About Cooling Towers

A cooling tower is a heat rejection device, which extracts waste heat to the atmosphere though the cooling of a water stream to a lower temperature. The type of heat rejection in a cooling tower is termed "evaporative" in that it allows a small portion of the water being cooled to evaporate into a moving air stream to provide significant cooling to the rest of that water stream. The heat from the water stream transferred to the air stream raises the air's temperature and its relative humidity to 100%, and this air is discharged to the atmosphere. Evaporative heat rejection devices such as cooling towers are commonly used to provide significantly lower water temperatures than achievable with "air cooled" or "dry" heat rejection devices, like the radiator in a car, thereby achieving more cost-effective and energy efficient operation of systems in need of cooling. Think of the times you've seen something hot be rapidly cooled by putting water on it, which evaporates, cooling rapidly, such as an overheated car radiator. The cooling potential of a wet surface is much better than a dry one.

Common applications for cooling towers are providing cooled water for air-conditioning, manufacturing and electric power generation. The smallest cooling towers are designed to handle water streams of only a few gallons of water per minute supplied in small pipes like those might see in a residence, while the largest cool hundreds of thousands of gallons per minute supplied in pipes as much as 15 feet (about 5 meters) in diameter on a large power plant.

The generic term "cooling tower" is used to describe both direct (open circuit) and indirect (closed circuit) heat rejection equipment. While most think of a "cooling tower" as an open direct contact heat rejection device, the indirect cooling tower, sometimes referred to as a "closed circuit cooling tower" is nonetheless also a cooling tower.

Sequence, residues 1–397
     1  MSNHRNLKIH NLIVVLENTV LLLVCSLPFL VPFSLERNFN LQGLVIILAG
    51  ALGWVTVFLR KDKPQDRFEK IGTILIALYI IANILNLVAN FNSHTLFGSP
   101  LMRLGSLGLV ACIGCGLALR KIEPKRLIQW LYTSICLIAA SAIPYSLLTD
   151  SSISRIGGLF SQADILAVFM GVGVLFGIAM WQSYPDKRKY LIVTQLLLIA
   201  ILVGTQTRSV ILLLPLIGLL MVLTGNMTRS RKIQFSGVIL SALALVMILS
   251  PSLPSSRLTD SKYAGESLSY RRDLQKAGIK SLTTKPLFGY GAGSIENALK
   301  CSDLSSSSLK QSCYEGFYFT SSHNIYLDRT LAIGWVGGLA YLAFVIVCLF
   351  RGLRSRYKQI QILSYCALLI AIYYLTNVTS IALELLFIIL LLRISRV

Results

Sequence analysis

Some useful terms, commonly used in the cooling tower industry:

Drift - Water droplets that are carried out of the cooling tower with the exhaust air. Drift droplets have the same concentration of impurities as the water entering the tower. The drift rate is typically reduced by employing baffle-like devices, called drift eliminators, through which the air must travel after leaving the fill and spray zones of the tower.

Blow-out - Water droplets blown out of the cooling tower by wind, generally at the air inlet openings. Water may also be lost, in the absence of wind, through splashing or misting. Devices such as wind screens, louvers, splash deflectors and water diverters are used to limit these losses.

Plume - The stream of saturated exhaust air leaving the cooling tower. The plume is visible when water vapor it contains condenses in contact with cooler ambient air, like the saturated air in one's breath fogs on a cold day. Under certain conditions, a cooling tower plume may present fogging or icing hazards to its surroundings. Note that the water evaporated in the cooling process is "pure" water, in contrast to the very small percentage of drift droplets or water blown out of the air inlets.

Blow-down - The portion of the circulating water flow that is removed in order to maintain the amount of dissolved solids and other impurities at an acceptable level.

Leaching - The loss of wood preservative chemicals by the washing action of the water flowing through a wood structure cooling tower.

Noise - Sound energy emitted by a cooling tower and heard (recorded) at a given distance and direction. The sound is generated by the impact of falling water, by the movement of air by fans, the fan blades moving in the structure, and the motors, gearboxes or drive belts.


    FRP Cooling Towers


    Timber Cooling Towers

   RCC Cooling Towers